Last week's incident recalls teachers' protests in 2006, but with even more violence by police.
General David Petraeus is in the midst of his Afghanistan offensive.
But it’s not against the Taliban; it’s against those in Congress, and those of us in the public, who oppose the ongoing—and escalating—Afghan war.
Petraeus is preparing the battlefield for next summer, when President Obama is on record as saying the withdrawal from Afghanistan will commence.
Petraeus announced very publicly over the weekend that he didn’t take the job as top general in Afghanistan to preside over “a graceful exit,” and he affirmed that he may advise Obama to delay the withdrawal.
Some in the media claim Petraeus is trying to strengthen his position against those in the Administration who want to greatly reduce the U.S. military presence in Afghanistan.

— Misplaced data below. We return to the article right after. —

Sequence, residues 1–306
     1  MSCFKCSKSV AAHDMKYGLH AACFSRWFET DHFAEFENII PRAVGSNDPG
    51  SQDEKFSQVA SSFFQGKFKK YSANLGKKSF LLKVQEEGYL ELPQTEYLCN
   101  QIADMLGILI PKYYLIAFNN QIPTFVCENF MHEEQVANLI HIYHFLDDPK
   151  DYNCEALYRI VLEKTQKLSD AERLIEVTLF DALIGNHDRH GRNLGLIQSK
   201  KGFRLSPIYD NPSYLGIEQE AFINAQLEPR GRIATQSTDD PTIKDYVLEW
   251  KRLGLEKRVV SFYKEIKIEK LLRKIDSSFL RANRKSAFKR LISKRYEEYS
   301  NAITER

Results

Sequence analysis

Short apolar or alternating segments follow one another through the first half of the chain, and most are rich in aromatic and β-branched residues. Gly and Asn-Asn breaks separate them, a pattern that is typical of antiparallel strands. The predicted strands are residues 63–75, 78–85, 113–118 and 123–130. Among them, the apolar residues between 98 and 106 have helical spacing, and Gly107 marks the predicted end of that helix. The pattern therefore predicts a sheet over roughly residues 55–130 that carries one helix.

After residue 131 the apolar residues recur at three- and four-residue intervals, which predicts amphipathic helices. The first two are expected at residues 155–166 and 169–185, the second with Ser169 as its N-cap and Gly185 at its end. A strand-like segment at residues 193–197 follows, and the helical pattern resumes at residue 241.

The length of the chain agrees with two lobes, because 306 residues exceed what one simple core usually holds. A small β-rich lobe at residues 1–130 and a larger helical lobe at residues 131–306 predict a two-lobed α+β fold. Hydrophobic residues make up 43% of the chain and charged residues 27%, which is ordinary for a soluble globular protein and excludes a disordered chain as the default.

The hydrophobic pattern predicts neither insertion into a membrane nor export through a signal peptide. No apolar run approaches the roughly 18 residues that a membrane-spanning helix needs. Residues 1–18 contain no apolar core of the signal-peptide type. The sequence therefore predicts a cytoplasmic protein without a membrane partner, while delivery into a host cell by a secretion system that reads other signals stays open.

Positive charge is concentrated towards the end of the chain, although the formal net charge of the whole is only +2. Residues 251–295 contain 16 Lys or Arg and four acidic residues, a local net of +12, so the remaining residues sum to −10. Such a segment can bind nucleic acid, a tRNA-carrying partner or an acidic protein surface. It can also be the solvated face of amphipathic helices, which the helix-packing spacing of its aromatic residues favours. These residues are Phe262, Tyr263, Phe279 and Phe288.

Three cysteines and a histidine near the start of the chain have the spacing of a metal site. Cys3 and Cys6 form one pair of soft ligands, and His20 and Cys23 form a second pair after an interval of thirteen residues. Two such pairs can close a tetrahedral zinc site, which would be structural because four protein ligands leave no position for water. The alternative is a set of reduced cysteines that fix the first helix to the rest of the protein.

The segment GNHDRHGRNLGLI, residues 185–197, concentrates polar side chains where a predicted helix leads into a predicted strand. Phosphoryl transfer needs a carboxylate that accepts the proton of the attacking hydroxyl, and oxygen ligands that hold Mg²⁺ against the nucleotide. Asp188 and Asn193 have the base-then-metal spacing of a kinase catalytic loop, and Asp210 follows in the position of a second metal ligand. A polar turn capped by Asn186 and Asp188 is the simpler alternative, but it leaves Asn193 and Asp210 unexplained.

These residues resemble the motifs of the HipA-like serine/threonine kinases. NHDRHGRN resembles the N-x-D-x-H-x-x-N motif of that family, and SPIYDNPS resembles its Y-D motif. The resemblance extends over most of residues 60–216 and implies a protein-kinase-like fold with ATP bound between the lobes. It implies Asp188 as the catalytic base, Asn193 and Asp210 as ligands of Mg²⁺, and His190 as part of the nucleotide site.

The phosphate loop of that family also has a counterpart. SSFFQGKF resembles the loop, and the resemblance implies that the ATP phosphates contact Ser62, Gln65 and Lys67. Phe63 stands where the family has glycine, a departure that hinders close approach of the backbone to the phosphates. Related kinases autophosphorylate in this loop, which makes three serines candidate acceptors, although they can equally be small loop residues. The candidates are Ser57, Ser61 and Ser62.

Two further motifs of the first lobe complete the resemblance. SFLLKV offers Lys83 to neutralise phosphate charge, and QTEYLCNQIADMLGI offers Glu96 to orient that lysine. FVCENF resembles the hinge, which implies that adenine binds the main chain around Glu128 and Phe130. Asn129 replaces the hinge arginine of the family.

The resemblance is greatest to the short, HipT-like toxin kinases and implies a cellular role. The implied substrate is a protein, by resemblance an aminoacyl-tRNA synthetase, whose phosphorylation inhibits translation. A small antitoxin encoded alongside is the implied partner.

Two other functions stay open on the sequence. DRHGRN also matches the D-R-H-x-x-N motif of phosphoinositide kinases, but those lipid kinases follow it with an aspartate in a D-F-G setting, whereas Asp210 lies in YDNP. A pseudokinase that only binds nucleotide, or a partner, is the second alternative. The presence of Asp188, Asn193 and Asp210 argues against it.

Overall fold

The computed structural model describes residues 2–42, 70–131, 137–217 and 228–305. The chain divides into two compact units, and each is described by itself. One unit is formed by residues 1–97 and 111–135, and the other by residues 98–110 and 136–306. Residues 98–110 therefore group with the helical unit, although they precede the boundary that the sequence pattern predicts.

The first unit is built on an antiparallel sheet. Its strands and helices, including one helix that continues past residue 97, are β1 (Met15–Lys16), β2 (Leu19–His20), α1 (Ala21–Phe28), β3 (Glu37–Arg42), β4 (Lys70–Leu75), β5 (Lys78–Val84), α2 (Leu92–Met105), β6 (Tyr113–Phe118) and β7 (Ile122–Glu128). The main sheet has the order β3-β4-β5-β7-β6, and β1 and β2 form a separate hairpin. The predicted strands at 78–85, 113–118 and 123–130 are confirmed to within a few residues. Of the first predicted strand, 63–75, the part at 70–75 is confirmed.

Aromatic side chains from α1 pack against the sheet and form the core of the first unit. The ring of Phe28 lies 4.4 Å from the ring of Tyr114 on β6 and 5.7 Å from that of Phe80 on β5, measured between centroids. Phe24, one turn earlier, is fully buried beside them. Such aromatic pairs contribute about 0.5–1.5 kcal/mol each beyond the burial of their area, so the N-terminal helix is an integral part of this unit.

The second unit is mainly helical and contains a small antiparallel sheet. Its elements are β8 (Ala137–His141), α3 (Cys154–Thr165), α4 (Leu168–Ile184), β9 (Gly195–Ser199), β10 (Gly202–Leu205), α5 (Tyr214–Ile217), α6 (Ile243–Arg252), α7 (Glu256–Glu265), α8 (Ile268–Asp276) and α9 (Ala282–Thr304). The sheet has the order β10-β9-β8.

But I’m not buying that.
I believe Petraeus is doing what his commander in chief wants him to do.
Look, if Obama didn’t want Petraeus popping up all over the weekend talk shows and sitting down with the New York Times, he would have ordered the general back to Afghanistan.
But for the White House, something was more important than the upcoming assault on Kandahar.
And that’s to give Obama room to retreat from his pledge last December.
And even that pledge was hedged like a French garden: “We will execute this transition responsibly, taking into account conditions on the ground,” he said at the time.
Watch for those words “conditions on the ground” to come around again next July.
If you liked this story by Matthew Rothschild, the editor of The Progressive magazine, check out his article “Global Warming and the Pakistani Flood.”
Follow Matthew Rothschild @mattrothschild on Twitter